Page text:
nevada hike

nevada hikeNeva­da might be most syn­ony­mous with the rev­el­ry and spec­ta­cle of Sin City, but the state has much more going for it than gam­bling and drinks. Out­side the city lim­its, you’ll find some of the most breath­tak­ing hikes in the coun­try. That is if you’re will­ing to brave the weath­er to try them.

Fire Canyon, Val­ley of Fire State Park
Fire Canyon is arguably the most mes­mer­iz­ing land­scape in all of Neva­da, maybe even the coun­try depend­ing on who you ask, and it’s also a great hike to squeeze in if you just have a few hours. It’s locat­ed about fifty miles north of Las Vegas and hous­es an end­less vista of 150-mil­lion-year-old sand­stone and dunes. The Rain­bow Vista Trail­head will take you straight to the point of Sil­i­ca Dome, a rough­ly three-mile hike to the top.

Black Moun­tain Trail, Madeira Canyon Park
Just out­side of Hen­der­son lies Madeira Canyon Park where you’ll find one of the high­er trails in the state. The Black Moun­tain Trail is 5.6 miles to the sum­mit and back. It’s not a dif­fi­cult hike, but the last climb uphill does require a bit of scram­bling that’ll put you close to all fours. The ele­va­tion at the top is rough­ly 5,093 feet and pro­vides some fas­ci­nat­ing views of the McCul­lough Range.

Turtle­head Peak Trail, Red Rock Canyon
The Turtle­head Peak Trail is a clas­sic trail that takes you up to the top of Turtle­head Moun­tain and offers excit­ing views of the sur­round­ing Red Rock Canyon. It holds a dif­fi­cult rat­ing due pri­mar­i­ly to the 2,000-foot climb near the end that occurs over a rel­a­tive­ly short-range of only 2.15 miles. Toward the top, you’ll have to scram­ble up 800 feet in less than half a mile, so it’s not exact­ly for the faint of heart.

Sier­ra Canyon Trail, Genoa
Jef­frey Pine and white fur line the trails along the Sier­ra Canyon mak­ing it one of the most diverse and awe-inspir­ing hikes in all of Neva­da. The Sier­ra Canyon Trail itself is a 9.6‑mile tra­verse that climbs steeply uphill to meet up with the 165-mile Tahoe Rim Trail. You’ll tack­le ridges, steep canyons, creeks, and switch­backs along the way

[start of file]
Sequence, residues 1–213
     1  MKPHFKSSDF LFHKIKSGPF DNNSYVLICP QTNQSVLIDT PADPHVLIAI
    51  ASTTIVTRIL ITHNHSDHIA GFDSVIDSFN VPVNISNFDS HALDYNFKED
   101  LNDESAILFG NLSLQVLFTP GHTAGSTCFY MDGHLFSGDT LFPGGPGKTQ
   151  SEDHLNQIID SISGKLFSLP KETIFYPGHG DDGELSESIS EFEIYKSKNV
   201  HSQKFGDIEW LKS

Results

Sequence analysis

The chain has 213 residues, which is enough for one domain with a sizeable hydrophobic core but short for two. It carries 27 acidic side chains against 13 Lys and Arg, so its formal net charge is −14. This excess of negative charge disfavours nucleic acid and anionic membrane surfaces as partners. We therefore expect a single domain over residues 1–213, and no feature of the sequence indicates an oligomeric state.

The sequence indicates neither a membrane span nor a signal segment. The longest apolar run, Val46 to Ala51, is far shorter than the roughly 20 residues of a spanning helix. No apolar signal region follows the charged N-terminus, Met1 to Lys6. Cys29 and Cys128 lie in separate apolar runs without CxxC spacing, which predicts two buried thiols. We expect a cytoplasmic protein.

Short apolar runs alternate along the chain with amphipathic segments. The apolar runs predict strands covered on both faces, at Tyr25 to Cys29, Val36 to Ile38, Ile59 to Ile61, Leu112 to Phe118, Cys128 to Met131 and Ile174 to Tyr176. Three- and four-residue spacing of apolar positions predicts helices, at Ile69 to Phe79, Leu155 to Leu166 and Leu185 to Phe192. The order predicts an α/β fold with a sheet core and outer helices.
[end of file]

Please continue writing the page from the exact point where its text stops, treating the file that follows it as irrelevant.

Ice Box Canyon Trail, Red Rock Canyon
For a short, but still stren­u­ous hike out­side of Las Vegas look no fur­ther than the Ice Box Canyon Trail. This 2.4‑mile loop might not sound like much but most of it is spent leap­ing from rock to slip­pery rock and is vir­tu­al­ly inac­ces­si­ble for those with­out the prop­er footwear. If you do man­age to make it to the top you’re treat­ed with a beau­ti­ful water­fall and some fan­tas­tic views of the sur­round­ing val­ley. You’ll want to tack­le this one in the spring or fall after a good rain shower.

Mt. Rose Sum­mit Trail, Lake Tahoe
It doesn’t get much more gor­geous than the area sur­round­ing Lake Tahoe and the trip to the top of Mt. Rose is a must-have on every hiker’s buck­et list. You start the jour­ney in a field of wild­flow­ers and tra­verse many alpine ridges, lakes, vol­canic rocks and remark­able views of Lake Tahoe as you leap, claw and scram­ble your way up ten miles of twist­ing ter­rain on your way to the top. Remem­ber that snow tends to blan­ket the peak here well into the sum­mer, so take prop­er pre­cau­tions before attempt­ing to tack­le it.

Gold­strike Canyon Hot Springs Trail, Boul­der City
Gold­strike Canyon Hot Springs Trail is one of the most dif­fi­cult in the state to hike, with some areas impass­able with­out the aid of fixed ropes to cling to (there are eight in all), so pre­pare to clam­ber over some pret­ty hefty boul­ders in order to make it to the end. It’s all worth it though when you reach the name­sake hot springs await­ing you at the end. Go ahead and have a soak for a while because you’ll have earned it.